uth than General Halleck, for when General Sumner and others joined him near Centreville with twenty thousand men, Pope said they had arrived too late, and would barour assault upon our centre succeeded as well, we should never have reached Centreville alive. Sigel behaved like a hero there, and so did McDowell; had they not rf by our forces. This was incorrect, for he joined Pope on the march from Centreville, but lost much of his baggage, as usual. The various brooks and streams wereon on the left flank of the retreating enemy, and Lee began his advance upon Centreville. Little opposition was met with, and we followed on as rapidly as prudence ions. It was said that a heavy force under Johnston was between Fairfax and Centreville, watching the enemy's movement round Arlington Heights and Alexandria; and e Manassas route, while Lee was far away, their progress would be stopped at Centreville by heavy earthworks and batteries, which had been hurriedly thrown up there
Robert Underwood Johnson, Clarence Clough Buell, Battles and Leaders of the Civil War: The Opening Battles. Volume 1., McDowell's advance to Bull Run. (search)
g south-easterly, is about half-way between Centreville and Manassas Junction, and, owing to its ab1862. McDowell was compelled to wait at Centreville until his provision wagons arrived and he cad halted and bivouacked on the roads about Centreville. Notwithstanding Beauregard's elation overand 20th the bivouacs of McDowell's army at Centreville, almost within cannon range of the enemy, we of artillery was to remain in reserve at Centreville, prepare defensive works there and threaten to Bull Run, but the day before we reached Centreville the kilts were the cause of his drawing upoiform of Blenker's 8th New York volunteers. Centreville, they had walked about 25 miles. That nightision, covered the retreat of the army from Centreville, which he describes as follows: in this posceived orders to advance upon the road from Centreville to Warrenton. This order was executed with ready to repel any attack on the road from Centreville to Fairfax Court House, Annandale to Washin[17 more...]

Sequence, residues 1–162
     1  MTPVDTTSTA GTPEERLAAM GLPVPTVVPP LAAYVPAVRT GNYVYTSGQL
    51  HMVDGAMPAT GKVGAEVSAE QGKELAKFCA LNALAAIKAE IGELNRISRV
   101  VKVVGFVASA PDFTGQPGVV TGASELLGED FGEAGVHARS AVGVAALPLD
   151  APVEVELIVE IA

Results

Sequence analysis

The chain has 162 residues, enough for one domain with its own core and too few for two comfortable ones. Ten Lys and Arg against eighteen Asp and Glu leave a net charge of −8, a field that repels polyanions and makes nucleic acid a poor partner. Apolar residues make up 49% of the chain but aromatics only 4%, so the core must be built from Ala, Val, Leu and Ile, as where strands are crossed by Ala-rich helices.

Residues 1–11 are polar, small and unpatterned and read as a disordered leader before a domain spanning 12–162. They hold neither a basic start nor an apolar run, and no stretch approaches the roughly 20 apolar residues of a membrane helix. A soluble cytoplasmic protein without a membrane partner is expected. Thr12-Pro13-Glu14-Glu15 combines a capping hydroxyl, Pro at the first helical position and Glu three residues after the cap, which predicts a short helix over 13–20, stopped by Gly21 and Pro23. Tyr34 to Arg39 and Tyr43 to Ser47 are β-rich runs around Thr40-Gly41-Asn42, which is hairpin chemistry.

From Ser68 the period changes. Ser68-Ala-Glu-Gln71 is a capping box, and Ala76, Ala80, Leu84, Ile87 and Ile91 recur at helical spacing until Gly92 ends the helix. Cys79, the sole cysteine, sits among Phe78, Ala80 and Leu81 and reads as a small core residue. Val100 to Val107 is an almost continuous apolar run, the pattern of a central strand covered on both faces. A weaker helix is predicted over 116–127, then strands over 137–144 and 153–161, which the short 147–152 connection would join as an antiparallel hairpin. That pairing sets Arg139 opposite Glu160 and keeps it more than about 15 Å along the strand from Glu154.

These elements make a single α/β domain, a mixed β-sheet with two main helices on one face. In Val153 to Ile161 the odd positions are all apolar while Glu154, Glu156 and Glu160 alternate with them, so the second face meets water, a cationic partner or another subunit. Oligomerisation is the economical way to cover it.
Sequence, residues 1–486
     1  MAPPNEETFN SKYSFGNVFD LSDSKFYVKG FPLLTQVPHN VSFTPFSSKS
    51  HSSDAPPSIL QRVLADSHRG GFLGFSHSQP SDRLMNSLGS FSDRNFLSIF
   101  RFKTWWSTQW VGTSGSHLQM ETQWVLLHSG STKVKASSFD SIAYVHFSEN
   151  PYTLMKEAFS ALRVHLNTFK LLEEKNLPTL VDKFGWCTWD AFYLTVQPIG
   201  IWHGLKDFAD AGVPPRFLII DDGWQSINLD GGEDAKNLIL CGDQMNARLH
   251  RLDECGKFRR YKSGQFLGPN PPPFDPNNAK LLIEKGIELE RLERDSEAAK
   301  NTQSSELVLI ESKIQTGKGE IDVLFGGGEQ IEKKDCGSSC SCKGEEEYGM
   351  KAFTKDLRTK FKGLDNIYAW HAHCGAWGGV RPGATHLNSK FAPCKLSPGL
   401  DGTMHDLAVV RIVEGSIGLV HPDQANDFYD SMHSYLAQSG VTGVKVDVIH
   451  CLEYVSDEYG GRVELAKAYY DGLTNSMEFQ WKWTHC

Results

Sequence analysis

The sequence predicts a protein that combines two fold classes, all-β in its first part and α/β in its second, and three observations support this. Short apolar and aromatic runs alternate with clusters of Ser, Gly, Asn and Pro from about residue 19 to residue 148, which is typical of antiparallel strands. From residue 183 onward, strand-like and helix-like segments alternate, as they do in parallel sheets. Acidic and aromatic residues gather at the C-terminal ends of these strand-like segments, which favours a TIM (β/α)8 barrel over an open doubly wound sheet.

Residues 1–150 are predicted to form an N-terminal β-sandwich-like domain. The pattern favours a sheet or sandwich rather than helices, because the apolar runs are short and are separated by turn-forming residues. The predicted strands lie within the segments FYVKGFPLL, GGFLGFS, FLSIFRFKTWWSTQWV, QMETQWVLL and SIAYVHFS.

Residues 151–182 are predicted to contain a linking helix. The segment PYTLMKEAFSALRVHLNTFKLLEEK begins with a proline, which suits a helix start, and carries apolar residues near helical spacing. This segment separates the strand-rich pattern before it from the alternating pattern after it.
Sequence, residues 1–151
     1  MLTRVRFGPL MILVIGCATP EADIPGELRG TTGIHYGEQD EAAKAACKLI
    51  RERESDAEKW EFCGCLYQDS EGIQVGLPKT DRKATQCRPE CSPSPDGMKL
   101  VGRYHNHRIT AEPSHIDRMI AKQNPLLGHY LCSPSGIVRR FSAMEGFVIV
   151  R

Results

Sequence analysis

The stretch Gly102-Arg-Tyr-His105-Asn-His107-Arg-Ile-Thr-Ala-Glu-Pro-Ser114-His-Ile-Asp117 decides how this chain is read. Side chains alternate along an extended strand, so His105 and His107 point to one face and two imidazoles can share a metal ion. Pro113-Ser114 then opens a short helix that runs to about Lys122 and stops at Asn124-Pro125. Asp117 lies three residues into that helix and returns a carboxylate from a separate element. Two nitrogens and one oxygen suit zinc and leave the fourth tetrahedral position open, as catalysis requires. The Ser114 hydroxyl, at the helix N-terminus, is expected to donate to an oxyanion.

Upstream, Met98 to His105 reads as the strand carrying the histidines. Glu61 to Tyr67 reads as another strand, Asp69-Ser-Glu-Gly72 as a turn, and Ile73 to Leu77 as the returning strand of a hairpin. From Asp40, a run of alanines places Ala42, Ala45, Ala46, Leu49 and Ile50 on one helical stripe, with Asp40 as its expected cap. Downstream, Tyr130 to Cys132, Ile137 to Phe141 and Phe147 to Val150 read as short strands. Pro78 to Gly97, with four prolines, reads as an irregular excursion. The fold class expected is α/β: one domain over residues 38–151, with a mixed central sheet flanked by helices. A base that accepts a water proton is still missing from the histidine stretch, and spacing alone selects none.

Robert Underwood Johnson, Clarence Clough Buell, Battles and Leaders of the Civil War: The Opening Battles. Volume 1., Responsibilities of the first Bull Run. (search)
od the roads leading to the enemy's camp at Centreville from the different parts of our line south 8 brigades were on the right of the line to Centreville, and but 1 to the left of it at a distance t 4 brigades were directed to the attack of Centreville, of which one and a half had not yet arrivewere to move forward to the Union Mills and Centreville road, there to hold themselves in readinesst object. General McDowell marched from Centreville by the Warrenton Turnpike with three divisiore 5, when the retreat of the enemy toward Centreville began, I sent orders to Brigadier-General Bour right, so that troops of ours, going to Centreville then, if not prevented by the Federal divisal Ewell's part than making the movement to Centreville. A brief passage in my official report 464): Soon thereafter, the army withdrew to Centreville, a better position for defense, but not forvious chapter, the retreat of our army from Centreville has been described, and reference has been [8 more...]
Robert Underwood Johnson, Clarence Clough Buell, Battles and Leaders of the Civil War: The Opening Battles. Volume 1., chapter 12.47 (search)